The final paragraph of the Introduction urgently notes the loss of these material treasures that are "all but disappearing from our culture."  I am less convinced that this is so.  The Mail Art movement has been running strong for half a century now.  I've been more regularly coming across websites dedicated to either mail art or letter writing specifically (see below). And the Maker Movement, the Steampunk movement, and rise of elaborate cosplay events all bespeak a yearning for solid, physical and playful culture that is being energetically acted upon. Twenty-first century letter writers are not so much looking looking back as creating their own legacies of now.




"Letters are the great fixative of experience. 
Time erodes feeling. 
Time creates indifference. 
Letters prove to us that we once cared. 
They are the fossils of feeling."

[Journalist Janel Malcolm, from page xviii] 

* * * * * * * * * * * * * * * * * * * * * * * * * * * * * * * * * * * * * *


Fellow lovers of letter writing may be found at these sites.




Though the posting for the project is a few months old, I have recently connected  with several people who listed themselves here.


 


Going strong since pre-Internet days (1982), the Letter Exchange is a paper-mail source for people looking for pen friends. One can buy single issues, subscribe for a full year, or buy back issues.  To get one's own listing in the mag, one has to be a subscriber.  But anyone can write to the folks listed (via an secure, resend option provided by the Exchange folks that protects the private info of the subscribers).


 


For a small fee ($3) your name is put into a database from which you can request a pen friend.  A nice bonus for joining is access to some free download stationery, an Alliance ID card, and a badge.


12 May 2010

VIDEO: Typewriter Repairwoman


 


 From the Wall Street Journal:

"Odd Jobs: The Tactile Beauty of the Typewriter  -- See the typewriter through the eyes of Donna Brady, the typewriter repair woman."





10 May 2010

OverHeard OverSeen OverRead

The occasional overheard remark is like a story untold.  Taken out of context - and placed into a context all its own -- one can imagine whole adventures, distinctive people, heretofore unseen places.  The following are a miscellaney of comments I've noted online. 

_____________________________________________________


I will be away around 2/3 weeks
in a seaweed collecting trip.

   _____________________________________________________________________

 
All animal bone and insect designs
are created with either found objects
or captive raised "farmed" insects.
 
______________________________________________________________________



It’s like I’m finally growing up!
But not really
because I still feel 
 like a 16 year old.
I am going to hang on to that for
as long as I can though.
Not those crappy 16 year olds
that drive like crap and thinks it’s cool
to cuss loudly in public.
One of the cool ones
that likes to play games
and stay up really late.
Yes.
One of the good ones


_________________________________________________________________



"If television's a babysitter,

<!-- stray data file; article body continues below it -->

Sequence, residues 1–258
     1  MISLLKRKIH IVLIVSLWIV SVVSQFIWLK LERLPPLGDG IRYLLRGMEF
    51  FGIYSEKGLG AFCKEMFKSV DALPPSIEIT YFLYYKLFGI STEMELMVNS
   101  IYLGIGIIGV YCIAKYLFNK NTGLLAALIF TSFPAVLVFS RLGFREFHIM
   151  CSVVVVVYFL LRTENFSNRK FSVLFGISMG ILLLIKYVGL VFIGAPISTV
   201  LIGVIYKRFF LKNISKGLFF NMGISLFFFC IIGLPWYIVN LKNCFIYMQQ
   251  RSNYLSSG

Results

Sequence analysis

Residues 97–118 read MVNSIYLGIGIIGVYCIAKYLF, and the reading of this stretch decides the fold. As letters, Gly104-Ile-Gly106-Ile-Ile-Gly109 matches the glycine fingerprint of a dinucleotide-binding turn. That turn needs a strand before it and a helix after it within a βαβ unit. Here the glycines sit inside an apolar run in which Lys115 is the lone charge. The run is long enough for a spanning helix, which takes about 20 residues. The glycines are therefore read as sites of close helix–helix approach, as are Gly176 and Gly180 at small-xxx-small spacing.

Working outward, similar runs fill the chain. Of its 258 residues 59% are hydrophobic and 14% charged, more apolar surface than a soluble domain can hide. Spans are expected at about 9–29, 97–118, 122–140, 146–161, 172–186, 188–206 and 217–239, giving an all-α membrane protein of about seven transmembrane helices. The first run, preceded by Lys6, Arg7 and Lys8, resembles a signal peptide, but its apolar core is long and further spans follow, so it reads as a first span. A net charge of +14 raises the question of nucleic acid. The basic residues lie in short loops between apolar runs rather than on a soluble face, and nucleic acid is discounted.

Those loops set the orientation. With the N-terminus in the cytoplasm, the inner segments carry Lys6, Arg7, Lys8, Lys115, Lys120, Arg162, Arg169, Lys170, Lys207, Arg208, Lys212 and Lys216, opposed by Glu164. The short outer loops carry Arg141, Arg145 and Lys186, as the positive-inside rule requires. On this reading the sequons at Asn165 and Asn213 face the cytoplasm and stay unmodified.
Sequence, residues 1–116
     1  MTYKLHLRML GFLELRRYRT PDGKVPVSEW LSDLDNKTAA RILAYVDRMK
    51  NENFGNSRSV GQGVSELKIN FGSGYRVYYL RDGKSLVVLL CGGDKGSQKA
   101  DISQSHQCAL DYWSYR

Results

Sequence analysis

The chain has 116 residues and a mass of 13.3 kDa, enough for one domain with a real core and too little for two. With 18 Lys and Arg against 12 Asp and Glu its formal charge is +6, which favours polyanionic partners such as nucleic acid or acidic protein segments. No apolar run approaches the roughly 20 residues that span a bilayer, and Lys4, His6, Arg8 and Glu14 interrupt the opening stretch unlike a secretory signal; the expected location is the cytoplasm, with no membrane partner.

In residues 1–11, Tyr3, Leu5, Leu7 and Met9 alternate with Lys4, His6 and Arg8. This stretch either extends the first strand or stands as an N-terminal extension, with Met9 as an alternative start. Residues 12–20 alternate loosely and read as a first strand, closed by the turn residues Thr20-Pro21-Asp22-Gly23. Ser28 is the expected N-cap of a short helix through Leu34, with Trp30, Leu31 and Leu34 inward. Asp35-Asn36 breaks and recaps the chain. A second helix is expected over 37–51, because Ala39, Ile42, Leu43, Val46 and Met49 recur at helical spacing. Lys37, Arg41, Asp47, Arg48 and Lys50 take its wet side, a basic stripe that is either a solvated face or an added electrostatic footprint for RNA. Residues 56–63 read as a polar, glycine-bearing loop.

the Internet is a drunk librarian
who won't shut up."

Dorothy Gambrell (Cat and Girl Volume I)  
 

__________________________________________________________________



"You are a spider": that is a sentence
no proud man wants to hear.

 
_________________________________________________________________



I doubt that the imagination can be suppressed.
If you truly eradicated it in a child,
he would grow up to be an eggplant.

Ursula K. Le Guin


 

08 May 2010

SENT OUT: Silly & Fictional Postcards


My nephews and I enjoy dinosaurs.  Sent these modified items to them recently.




I also enjoy sending out "imaginary postcards" - cards from fictional people describing their fictional lives.  These were inspired by an item written by Anne Herbert in 1978 about the Amanda Madison Memorial Nonsense BoxAmanda's notes weren't all made up, but most of mine are.

Here's something I sent to friends in Austria.  The postcard image is from a 1959 comic book episode titled The Fantastic Typewriter.  The author/typist is startled to see a horde of barbarians coming his way.  He shouts out: "GREAT SCOTT! THE CREATURES OF MY IMAGINATION HAVE COME TO LIFE!!" 






07 May 2010

How It's Unmade




I'm a big fan of the Science Channel's program How It's Made. When the network recently staged an all-weekend marathon of episodes, I was ecstatic. Of course the quality of individual shows varies. It's very cool to see puffy orange Cheetos or wooden hurling sticks or wax coloring crayons made from their very beginning components. (It's another thing altogether when the episode guide touts something elaborate like all-terrain vehicles or London taxi cabs and the opening narration says something like "first the worker bolts down the chassis." Hey! No fair!! How did that chassis get made?)




I like making and I like to own things that were made with a sense of craftsmanship and pride. I like the history that imbues them -- the hands that made them, the hands that used them. I am especially keen on things that were designed to make other things. Such as wooden spoons - I have two large ceramic jars of wooden cooking and baking utensils (the one jar is actually the pottery pitcher my grandmother used for serving up lemonade back on the farm).